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ERIC Number: EJ858503
Record Type: Journal
Publication Date: 2009
Pages: 20
Abstractor: ERIC
Reference Count: 18
ISBN: N/A
ISSN: ISSN-1536-3031
Transforming Supervision: Using Video Elicitation to Support Preservice Teacher-Directed Reflective Conversations
Sewall, Marcia
Issues in Teacher Education, v18 n2 p11-30 Fall 2009
Since constraints on time, resources, and even energy often come into play in finding opportunities for meaningful discussions about pedagogy between the novice teacher (NT) and the supervisor, post-lesson conversations at the school site can often be brief, superficial, lacking reflective self-analysis, narrow in focus, interrupted, or even impossible. Although traditional on-site supervisor observations and debriefings of lessons taught by the NT are certainly highly desirable in providing experienced mentorship and focused progress for the NT, given the present educational climate, they are increasingly insufficient on their own toward improving the depth and breadth of pedagogical growth that can potentially be achieved through the addition of alternative forms of supplemental supervisory support. This is particularly true in the era of No Child Left Behind (NCLB), with its mandate for "highly qualified" teachers putting extra pressure on NTs and their teacher preparation programs alike. Although demands have increased, the timeframe remains the same for meeting them, which necessitates "thinking outside the box" to find meaningful supplementary approaches to supervision that may help in the quest for preparing highly-qualified teachers. This paper describes a study that outlines one such approach to supplement the traditional on-site observation and debriefing approach, which may assist in developing more effective, reflective practitioners within the existing format and resources of a teacher preparation program. The study considers how the use of video-elicited reflection (VER), in addition to traditional observation-based debriefing (OBD), affects the development of novice teachers working towards the goal of becoming qualified, "effective, reflective practitioners." The results indicate that video-elicited reflective debriefings not only encourage more reflective commentary on the part of the novice teacher in both depth and breadth, but that commentary related to state standards for evaluating teaching performance is also broadened and deepened with the use of video elicitation compared to that which occurs in traditional observation-based debriefings. Moreover, the results indicate that supervisor-novice teacher interactions are positively impacted when video elicitation is utilized in addition to traditional observation-based approaches. (Contains 2 figures and 1 note.)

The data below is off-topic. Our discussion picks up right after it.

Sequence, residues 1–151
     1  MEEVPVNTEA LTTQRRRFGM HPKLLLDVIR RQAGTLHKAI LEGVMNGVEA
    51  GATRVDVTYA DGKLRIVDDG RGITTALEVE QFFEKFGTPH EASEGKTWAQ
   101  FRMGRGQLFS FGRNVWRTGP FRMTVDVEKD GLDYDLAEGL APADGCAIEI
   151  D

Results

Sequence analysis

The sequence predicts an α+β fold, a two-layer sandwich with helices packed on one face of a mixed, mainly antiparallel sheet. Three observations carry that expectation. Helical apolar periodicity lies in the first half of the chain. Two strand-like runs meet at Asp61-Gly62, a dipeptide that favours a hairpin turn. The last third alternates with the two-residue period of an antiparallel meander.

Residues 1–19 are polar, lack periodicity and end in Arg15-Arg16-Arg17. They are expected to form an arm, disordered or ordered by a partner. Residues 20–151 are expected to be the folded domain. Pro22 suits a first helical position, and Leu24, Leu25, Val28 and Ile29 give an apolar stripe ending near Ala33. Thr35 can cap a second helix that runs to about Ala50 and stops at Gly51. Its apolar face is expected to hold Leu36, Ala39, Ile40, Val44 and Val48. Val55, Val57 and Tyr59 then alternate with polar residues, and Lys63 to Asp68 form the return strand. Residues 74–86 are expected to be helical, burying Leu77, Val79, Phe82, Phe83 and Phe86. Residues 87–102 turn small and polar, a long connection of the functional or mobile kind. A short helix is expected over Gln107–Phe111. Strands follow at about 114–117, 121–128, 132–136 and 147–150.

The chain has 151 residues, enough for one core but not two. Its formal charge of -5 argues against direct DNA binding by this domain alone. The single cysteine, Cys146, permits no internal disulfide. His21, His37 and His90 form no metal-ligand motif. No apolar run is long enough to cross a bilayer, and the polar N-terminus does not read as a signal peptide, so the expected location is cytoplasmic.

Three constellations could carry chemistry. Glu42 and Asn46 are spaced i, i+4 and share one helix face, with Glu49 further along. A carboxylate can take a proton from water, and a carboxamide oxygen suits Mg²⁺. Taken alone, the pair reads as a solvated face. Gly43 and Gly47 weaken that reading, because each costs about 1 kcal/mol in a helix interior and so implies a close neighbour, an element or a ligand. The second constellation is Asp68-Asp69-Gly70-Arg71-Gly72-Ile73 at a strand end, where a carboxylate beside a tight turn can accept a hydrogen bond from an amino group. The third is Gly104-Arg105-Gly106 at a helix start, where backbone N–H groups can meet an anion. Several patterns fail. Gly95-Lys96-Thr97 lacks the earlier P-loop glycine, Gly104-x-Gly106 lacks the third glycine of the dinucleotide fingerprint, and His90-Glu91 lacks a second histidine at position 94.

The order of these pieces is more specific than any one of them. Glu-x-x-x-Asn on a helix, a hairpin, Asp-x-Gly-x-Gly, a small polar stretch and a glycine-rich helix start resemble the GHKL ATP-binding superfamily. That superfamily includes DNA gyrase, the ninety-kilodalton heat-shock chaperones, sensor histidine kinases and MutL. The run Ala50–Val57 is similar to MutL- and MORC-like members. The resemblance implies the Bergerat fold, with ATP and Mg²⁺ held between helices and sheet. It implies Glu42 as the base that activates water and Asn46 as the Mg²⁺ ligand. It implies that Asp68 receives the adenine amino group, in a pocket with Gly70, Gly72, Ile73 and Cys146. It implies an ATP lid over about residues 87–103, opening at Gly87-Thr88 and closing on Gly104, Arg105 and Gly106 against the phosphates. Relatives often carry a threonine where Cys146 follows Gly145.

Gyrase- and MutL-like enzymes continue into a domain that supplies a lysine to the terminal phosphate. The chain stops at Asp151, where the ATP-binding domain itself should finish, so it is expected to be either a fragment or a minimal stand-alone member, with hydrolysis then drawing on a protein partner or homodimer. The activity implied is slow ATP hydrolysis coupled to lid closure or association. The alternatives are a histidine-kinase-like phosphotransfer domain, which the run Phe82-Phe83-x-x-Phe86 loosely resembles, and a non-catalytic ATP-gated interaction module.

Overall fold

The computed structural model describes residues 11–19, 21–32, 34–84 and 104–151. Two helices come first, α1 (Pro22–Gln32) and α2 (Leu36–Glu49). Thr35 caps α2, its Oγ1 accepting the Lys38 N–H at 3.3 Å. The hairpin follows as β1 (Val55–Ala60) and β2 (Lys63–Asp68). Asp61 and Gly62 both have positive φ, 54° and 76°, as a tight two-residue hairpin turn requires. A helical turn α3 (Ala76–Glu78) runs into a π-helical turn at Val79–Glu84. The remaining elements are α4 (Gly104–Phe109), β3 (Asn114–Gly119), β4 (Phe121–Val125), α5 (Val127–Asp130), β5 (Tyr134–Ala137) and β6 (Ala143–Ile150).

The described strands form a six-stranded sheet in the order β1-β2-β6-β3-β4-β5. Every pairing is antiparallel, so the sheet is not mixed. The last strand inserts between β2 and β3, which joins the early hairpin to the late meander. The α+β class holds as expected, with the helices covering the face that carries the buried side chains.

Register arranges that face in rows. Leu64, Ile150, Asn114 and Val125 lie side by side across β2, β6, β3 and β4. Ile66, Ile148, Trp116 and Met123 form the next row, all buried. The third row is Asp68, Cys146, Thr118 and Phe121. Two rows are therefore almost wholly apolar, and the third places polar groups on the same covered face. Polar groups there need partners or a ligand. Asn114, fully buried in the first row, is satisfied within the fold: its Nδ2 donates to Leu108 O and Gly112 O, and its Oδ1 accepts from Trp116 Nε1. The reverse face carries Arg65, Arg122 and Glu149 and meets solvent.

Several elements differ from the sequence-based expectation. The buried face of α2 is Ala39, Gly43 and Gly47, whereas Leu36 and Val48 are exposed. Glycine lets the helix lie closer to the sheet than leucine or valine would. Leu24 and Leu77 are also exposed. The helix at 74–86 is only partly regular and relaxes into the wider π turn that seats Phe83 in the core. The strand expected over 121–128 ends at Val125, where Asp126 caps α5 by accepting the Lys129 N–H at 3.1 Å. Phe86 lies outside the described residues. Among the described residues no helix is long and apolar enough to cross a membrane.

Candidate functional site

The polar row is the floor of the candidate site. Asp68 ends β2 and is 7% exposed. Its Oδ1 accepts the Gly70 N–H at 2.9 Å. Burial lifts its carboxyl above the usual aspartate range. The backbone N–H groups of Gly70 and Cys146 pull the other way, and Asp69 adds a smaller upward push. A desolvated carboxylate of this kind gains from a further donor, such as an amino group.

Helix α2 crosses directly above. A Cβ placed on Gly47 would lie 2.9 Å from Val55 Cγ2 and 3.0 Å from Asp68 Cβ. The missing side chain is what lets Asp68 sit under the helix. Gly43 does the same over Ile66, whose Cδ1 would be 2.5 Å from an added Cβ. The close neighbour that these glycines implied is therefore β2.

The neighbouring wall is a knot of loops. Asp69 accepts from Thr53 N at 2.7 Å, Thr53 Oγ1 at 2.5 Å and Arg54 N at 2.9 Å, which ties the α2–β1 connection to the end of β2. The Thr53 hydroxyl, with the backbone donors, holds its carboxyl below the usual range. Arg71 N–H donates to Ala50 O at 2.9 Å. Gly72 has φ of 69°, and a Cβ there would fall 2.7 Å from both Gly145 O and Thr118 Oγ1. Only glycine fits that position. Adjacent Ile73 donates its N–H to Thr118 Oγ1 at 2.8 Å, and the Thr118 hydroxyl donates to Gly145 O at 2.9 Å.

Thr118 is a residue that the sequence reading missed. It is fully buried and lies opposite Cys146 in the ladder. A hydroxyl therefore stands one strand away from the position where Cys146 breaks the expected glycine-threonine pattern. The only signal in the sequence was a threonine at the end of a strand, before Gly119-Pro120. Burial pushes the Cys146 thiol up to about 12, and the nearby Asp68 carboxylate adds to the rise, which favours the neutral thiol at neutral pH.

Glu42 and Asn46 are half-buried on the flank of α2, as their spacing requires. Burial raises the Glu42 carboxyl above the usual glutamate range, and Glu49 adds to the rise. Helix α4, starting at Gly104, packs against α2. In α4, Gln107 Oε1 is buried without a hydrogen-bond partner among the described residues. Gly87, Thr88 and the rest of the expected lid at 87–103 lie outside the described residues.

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Publication Type: Journal Articles; Reports - Research
Education Level: N/A
Audience: N/A
Language: English
Sponsor: N/A
Authoring Institution: N/A
Identifiers - Laws, Policies, & Programs: No Child Left Behind Act 2001